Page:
Slowly, slowly recovering from a bout of the stomach flu, which made reading impossible for several days. Then, of course, along came a new work assignment, which further backburnered everything. There are books that I'm waiting to read (When Autumn Leaves, Tam Lin); however, I'm working back with books that can be put down after each page--otherwise known as writer's instruction manuals.
I'm filling the space with movies. I watched the entire extended version of The Lord of the Rings and was amazed all over again at how well Peter Jackson translated the books onto the screen. Watching the trilogy, like reading the books, reminds me of why I want to write. I think those books made me fall in love with little bits of England that I've never seen, but for which I long. There is much more in the story, but the love of place is evident in so many choices the characters make, both for good and ill. Do attachments with the physical space around us form as readily today? For years, the place that felt most like home for me was the driver's seat of my car, to the extent that I was physically depressed rather than excited at the prospect of a new vehicle.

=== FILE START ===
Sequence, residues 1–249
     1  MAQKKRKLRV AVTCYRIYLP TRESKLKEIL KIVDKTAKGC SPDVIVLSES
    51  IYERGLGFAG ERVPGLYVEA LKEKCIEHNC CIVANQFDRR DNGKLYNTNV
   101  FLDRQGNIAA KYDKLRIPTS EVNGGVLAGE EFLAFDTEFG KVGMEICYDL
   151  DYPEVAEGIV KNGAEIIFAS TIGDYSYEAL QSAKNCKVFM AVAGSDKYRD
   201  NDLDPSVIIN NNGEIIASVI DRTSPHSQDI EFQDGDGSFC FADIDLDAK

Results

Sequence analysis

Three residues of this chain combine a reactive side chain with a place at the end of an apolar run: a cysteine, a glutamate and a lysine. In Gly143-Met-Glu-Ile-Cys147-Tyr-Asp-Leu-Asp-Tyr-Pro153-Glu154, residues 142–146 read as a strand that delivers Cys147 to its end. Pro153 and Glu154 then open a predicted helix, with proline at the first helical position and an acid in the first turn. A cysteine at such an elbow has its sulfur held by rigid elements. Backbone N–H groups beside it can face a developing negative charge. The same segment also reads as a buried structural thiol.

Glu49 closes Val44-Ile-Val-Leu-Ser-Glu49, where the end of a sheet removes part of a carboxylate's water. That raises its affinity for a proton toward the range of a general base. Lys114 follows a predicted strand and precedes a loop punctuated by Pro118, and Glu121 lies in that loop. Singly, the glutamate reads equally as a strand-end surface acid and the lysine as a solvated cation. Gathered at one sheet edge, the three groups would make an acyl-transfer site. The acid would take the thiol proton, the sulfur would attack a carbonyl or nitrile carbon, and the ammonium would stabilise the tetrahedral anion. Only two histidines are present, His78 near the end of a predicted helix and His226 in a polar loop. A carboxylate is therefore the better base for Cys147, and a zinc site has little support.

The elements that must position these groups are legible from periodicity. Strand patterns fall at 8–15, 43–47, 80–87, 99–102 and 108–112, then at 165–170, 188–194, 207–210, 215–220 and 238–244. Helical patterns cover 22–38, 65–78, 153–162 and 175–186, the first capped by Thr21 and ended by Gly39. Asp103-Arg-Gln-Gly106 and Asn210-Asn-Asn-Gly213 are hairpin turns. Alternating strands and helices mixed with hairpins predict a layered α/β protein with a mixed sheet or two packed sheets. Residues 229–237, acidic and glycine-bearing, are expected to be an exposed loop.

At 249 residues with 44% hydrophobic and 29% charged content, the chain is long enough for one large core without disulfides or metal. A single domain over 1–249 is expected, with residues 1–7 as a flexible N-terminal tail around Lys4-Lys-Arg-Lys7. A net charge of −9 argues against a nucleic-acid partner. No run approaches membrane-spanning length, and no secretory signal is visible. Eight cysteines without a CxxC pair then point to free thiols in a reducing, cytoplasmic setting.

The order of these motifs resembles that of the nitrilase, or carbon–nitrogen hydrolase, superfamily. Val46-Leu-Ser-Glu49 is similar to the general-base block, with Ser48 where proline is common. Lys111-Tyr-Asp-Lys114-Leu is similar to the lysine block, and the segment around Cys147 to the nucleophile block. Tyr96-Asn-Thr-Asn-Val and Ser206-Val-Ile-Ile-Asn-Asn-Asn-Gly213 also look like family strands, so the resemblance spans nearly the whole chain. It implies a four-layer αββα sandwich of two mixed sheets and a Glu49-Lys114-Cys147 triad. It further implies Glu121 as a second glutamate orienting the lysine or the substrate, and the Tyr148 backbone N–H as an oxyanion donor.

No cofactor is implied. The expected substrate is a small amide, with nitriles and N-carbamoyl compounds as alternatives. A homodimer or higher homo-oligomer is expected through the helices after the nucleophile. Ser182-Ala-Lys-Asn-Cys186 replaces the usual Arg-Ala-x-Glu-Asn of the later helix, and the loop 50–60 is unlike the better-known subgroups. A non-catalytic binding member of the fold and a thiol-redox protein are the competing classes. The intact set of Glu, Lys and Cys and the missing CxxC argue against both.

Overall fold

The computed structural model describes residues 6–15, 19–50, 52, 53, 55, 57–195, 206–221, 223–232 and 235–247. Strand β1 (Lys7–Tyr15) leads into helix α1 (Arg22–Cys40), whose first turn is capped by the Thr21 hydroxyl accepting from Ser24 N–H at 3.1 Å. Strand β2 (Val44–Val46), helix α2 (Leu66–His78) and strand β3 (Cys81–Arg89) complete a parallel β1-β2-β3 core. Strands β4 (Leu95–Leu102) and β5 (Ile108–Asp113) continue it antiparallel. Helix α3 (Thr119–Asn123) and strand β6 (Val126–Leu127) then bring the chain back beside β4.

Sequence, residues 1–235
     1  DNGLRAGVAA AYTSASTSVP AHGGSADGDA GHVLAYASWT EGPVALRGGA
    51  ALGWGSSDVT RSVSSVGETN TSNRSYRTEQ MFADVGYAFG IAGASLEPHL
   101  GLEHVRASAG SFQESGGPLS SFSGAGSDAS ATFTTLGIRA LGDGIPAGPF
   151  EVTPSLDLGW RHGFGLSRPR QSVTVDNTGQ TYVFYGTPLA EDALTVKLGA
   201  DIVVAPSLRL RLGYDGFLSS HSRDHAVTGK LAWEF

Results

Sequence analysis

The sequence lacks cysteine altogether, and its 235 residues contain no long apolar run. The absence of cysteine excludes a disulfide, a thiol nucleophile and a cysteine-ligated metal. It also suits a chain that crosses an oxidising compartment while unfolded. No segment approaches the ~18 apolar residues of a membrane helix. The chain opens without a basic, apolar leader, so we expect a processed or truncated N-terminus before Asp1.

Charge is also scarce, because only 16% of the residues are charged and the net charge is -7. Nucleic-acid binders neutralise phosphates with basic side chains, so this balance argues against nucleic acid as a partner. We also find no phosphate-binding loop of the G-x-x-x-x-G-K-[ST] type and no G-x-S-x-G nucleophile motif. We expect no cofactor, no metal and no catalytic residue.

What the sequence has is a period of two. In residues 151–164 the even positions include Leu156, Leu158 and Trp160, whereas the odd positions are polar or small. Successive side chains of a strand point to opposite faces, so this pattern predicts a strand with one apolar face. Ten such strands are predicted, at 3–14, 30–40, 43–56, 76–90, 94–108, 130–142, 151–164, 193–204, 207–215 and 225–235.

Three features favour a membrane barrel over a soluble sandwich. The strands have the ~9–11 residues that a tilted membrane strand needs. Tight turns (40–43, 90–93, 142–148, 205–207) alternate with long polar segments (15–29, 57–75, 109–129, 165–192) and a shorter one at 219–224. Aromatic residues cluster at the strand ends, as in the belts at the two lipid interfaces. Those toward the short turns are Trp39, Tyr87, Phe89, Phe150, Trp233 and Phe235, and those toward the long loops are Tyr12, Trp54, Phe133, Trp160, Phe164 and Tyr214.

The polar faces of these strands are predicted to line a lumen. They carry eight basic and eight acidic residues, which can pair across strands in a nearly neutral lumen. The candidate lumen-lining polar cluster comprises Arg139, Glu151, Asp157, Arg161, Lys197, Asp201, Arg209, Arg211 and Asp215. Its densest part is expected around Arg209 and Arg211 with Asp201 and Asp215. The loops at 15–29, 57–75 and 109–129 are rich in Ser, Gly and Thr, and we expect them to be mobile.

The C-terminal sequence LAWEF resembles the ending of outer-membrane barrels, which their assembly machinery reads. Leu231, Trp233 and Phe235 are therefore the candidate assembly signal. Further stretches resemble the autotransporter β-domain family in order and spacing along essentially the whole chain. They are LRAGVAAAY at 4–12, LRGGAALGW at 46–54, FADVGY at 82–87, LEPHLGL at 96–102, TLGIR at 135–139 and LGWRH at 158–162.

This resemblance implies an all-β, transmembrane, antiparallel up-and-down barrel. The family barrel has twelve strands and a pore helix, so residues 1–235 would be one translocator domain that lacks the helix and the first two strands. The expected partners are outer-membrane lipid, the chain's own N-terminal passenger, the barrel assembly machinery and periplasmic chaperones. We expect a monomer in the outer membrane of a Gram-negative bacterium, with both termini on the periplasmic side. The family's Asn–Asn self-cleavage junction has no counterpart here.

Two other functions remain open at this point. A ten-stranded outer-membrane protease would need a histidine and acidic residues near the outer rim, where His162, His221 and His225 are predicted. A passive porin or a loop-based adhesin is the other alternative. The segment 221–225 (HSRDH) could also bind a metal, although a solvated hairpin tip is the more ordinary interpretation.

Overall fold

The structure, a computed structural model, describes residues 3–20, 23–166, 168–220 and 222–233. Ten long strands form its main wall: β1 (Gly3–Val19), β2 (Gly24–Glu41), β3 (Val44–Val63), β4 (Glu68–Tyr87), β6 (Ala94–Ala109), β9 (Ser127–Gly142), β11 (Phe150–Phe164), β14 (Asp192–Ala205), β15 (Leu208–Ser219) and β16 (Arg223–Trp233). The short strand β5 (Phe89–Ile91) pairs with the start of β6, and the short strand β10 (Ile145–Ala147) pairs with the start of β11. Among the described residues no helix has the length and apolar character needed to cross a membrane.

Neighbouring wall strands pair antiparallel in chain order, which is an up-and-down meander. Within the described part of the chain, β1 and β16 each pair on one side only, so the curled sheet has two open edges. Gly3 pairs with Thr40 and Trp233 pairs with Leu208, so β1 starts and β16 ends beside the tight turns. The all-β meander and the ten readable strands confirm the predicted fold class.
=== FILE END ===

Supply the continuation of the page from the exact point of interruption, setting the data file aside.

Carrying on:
It's not just the places that become home, of course. I'm writing this in the computer room, two dogs kenneled behind me (work is being done on the house, so they're being kept out of harm's way) on top of a desk that is covered with photos and toys and shiny silver pencils. My husband is threatening that we'll soon have upgraded machines and new software and I'm thinking about having to reestablish connections to websites and learn new software--we'll moving our electronic house, with all the effort and dislocation that implies.
It's probably the days spent on the couch with the remote close to hand that have me thinking about home and hearth and the way stories establish these. I'd be interested in hearing about any stories that create in you the same feeling of being at home and whether it's something you enjoy in fiction.